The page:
PARIS — Canadian satellite fleet operator Telesat expects to raise more than $3 billion in several transactions in the coming weeks to payoff existing debt and to make a $400 million cash distribution to shareholders still at loggerheads over a Telesat IPO.

Ottawa-based Telesat said it expects to close on Nov. 17 an offering of $500 million in notes due in 2024 and carrying an interest rate of 8.875 percent.

The company also announced a new credit facility including a term loan of $2.43 billion, and a revolving credit line of $200 million. These funds are to be used to redeem $900 million in debt due in May of next year, and to fund the distribution to shareholders.

Telesat is one of the world’s top five commercial satellite operators when measured by revenue, with a fleet of 15 satellites, plus two more on order. The company is also launching in 2017 two small low-orbiting spacecraft to secure frequencies, and retire technical risks, associated with a global Ka-band constellation of satellites for internet connectivity.

A low-orbit constellation of at least 117 Ka-band satellites

Telesat is one of several companies planning internet constellations. How such a constellation, likely to cost several billion dollars, would be financed is unclear as the company’s two owners appear to disagree on a strategy.

Telesat’s low-Earth-orbit constellation was disclosed on Nov. 15 in a filing with the U.S. Federal Communications Commission (FCC). In the filing, Telesat said its system would be comprised of at least 117 satellites in two orbits. A polar orbit, inclined at 99.5 degrees relative to the equator, would use at least 12 satellites in each of six orbital planes would operate at 1,000 kilometers in altitude.

The second, inclined orbit, 37.4 degrees relative to the equator at 1,248 kilometers in altitude, would include 45 satellites spread over five orbital planes.

In its FCC filing, Telesat stresses that it designed its combined polar-/inclined-orbit system, for which a patent is pending, with U.S. military users in mind. The orbital architecture also appears to be in line with the Canadian government’s proposed — but still not funded — Enhanced Satellite Constellation Project – Polar. This system requires continuous narrowband connectivity at 65-90 degrees north latitude, and wideband connectivity between 55 and 90 degrees north.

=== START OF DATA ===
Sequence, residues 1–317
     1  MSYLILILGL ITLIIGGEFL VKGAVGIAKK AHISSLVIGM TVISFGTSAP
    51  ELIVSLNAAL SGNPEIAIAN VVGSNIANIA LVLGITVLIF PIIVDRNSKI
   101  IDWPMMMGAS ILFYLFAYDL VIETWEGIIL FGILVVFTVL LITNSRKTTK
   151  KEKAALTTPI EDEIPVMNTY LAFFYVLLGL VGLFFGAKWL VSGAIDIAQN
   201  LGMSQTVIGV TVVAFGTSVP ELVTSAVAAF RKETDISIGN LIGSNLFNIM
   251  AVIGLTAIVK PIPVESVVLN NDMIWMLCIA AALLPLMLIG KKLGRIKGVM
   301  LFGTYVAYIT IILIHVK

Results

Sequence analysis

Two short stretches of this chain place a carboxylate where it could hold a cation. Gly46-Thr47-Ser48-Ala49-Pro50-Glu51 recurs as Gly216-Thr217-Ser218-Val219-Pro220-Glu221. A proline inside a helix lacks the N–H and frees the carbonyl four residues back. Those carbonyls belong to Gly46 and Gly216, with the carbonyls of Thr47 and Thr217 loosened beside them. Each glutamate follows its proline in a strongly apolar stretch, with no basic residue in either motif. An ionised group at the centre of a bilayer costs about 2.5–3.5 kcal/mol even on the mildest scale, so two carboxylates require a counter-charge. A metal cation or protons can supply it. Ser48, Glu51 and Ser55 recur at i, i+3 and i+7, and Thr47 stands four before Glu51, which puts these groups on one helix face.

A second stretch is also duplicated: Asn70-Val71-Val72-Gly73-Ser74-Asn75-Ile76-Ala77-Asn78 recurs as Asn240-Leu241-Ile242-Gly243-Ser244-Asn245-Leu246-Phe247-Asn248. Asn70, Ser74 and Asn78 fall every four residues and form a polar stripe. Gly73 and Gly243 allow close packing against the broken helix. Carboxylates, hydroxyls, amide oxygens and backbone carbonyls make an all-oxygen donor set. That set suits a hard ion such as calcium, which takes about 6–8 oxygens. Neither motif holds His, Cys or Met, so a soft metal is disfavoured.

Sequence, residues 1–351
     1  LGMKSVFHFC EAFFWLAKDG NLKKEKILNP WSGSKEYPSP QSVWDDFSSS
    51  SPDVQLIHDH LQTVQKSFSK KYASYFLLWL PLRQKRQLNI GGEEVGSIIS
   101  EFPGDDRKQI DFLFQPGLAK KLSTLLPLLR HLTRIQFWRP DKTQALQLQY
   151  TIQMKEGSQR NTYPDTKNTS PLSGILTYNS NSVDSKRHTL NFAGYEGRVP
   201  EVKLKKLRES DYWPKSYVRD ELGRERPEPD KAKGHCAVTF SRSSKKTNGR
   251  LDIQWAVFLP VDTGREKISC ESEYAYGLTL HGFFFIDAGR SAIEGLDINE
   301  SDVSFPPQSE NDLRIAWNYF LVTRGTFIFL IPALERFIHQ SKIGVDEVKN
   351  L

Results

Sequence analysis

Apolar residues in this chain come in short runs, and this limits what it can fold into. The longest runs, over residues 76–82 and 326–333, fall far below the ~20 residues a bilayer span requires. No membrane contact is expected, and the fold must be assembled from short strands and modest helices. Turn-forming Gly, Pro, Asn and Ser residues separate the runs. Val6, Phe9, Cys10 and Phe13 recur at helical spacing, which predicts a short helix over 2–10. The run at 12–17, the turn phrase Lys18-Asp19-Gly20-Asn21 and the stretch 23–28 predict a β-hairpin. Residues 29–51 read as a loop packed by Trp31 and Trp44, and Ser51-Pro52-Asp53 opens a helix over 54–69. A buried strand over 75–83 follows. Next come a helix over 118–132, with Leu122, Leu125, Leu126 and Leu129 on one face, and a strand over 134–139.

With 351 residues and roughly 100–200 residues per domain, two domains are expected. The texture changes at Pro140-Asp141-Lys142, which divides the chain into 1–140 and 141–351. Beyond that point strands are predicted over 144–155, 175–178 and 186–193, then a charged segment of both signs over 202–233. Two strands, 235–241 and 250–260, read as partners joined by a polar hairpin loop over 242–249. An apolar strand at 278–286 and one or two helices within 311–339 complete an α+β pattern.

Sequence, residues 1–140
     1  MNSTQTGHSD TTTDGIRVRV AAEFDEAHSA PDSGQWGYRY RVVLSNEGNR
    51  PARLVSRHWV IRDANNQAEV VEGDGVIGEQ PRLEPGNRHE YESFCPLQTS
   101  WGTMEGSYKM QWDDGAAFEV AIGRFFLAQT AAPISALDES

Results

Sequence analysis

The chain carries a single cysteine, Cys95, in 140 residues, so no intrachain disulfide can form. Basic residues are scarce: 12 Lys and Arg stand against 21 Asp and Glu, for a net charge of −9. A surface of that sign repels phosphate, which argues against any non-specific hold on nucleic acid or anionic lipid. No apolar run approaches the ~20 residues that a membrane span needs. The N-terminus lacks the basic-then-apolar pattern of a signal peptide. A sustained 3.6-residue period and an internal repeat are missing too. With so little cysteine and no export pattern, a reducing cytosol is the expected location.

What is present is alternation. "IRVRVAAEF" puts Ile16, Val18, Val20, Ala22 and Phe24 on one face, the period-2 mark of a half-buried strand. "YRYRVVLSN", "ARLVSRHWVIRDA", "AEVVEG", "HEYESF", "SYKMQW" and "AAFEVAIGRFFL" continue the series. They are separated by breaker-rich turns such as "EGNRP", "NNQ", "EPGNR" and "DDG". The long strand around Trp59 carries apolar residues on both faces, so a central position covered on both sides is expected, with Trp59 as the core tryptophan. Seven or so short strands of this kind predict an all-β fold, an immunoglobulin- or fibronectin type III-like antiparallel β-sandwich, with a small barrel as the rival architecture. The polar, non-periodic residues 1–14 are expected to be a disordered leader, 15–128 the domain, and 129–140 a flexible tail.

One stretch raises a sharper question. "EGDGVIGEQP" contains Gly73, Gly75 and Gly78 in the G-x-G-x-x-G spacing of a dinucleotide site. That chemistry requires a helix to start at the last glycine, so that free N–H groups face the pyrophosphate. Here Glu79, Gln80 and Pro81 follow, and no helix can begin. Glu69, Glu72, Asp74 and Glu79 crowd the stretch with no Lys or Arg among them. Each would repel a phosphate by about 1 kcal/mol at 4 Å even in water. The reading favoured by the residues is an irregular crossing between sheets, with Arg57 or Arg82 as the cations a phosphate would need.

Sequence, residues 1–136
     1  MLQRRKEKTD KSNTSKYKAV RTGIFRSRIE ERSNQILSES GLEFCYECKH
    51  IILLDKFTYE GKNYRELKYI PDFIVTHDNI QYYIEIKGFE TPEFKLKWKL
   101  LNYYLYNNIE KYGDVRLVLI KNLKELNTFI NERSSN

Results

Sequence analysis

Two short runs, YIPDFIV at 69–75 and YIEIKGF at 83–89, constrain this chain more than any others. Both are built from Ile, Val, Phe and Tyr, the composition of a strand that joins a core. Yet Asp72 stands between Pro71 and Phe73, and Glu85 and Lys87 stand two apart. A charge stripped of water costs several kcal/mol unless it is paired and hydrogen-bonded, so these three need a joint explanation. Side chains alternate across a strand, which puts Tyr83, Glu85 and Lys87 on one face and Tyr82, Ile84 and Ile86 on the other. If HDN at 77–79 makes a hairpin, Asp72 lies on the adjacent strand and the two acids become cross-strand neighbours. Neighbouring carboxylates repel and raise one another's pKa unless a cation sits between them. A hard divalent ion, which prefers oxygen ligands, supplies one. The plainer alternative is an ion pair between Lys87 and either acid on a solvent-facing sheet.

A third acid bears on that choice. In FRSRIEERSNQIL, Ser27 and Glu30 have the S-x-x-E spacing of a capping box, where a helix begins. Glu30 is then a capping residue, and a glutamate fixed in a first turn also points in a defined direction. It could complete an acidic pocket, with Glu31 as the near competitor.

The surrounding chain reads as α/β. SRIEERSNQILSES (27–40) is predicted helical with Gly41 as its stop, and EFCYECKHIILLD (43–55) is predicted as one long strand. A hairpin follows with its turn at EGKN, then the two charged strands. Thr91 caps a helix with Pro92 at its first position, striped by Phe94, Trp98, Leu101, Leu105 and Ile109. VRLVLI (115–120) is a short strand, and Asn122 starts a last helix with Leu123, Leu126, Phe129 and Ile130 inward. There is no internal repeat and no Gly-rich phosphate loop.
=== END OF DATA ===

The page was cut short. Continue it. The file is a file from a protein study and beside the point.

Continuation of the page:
Shareholder stalemate continues

Telesat is owned by Loral Space and Communications of New York and Canada’s PSP Investments pension fund. Loral has a 62.7 percent economic ownership of Telesat but just 32.7 percent of the voting rights.

Loral and PSP several years ago agreed in principle to sell Telesat but their price floor was viewed as too high by the interested buyers.

Since then, Loral has sought an initial public offering of stock and in July 2015 exercised its rights under the Telesat shareholder agreement, calling for an IPO of a maximum of 25 million shares.

As part of the IPO process, Loral sought PSP agreement to terminate their existing shareholder agreement to permit Loral to transform its non-voting shares into voting shares. In this Loral-backed scenario, a post-IPO Telesat would find Loral with the majority voting rights.

Telesat today seems no closer to an IPO today than it did 16 months ago. In a Nov. 4 filing with the U.S. Securities and Exchange Commission (SEC), Loral said it “may assert certain claims against PSP, alleging violations of Loral’s rights under the Telesat agreement.”

Loral said PSP has raised similar claims and that the two companies have agreed to set aside their differences pending a near-term resolution of the larger Telesat issue.

Loral said it expects to receive, sometime before March, $250 million in cash from the $400 million Telesat shareholder distribution.

Peter B. de Selding was the Paris bureau chief for SpaceNews.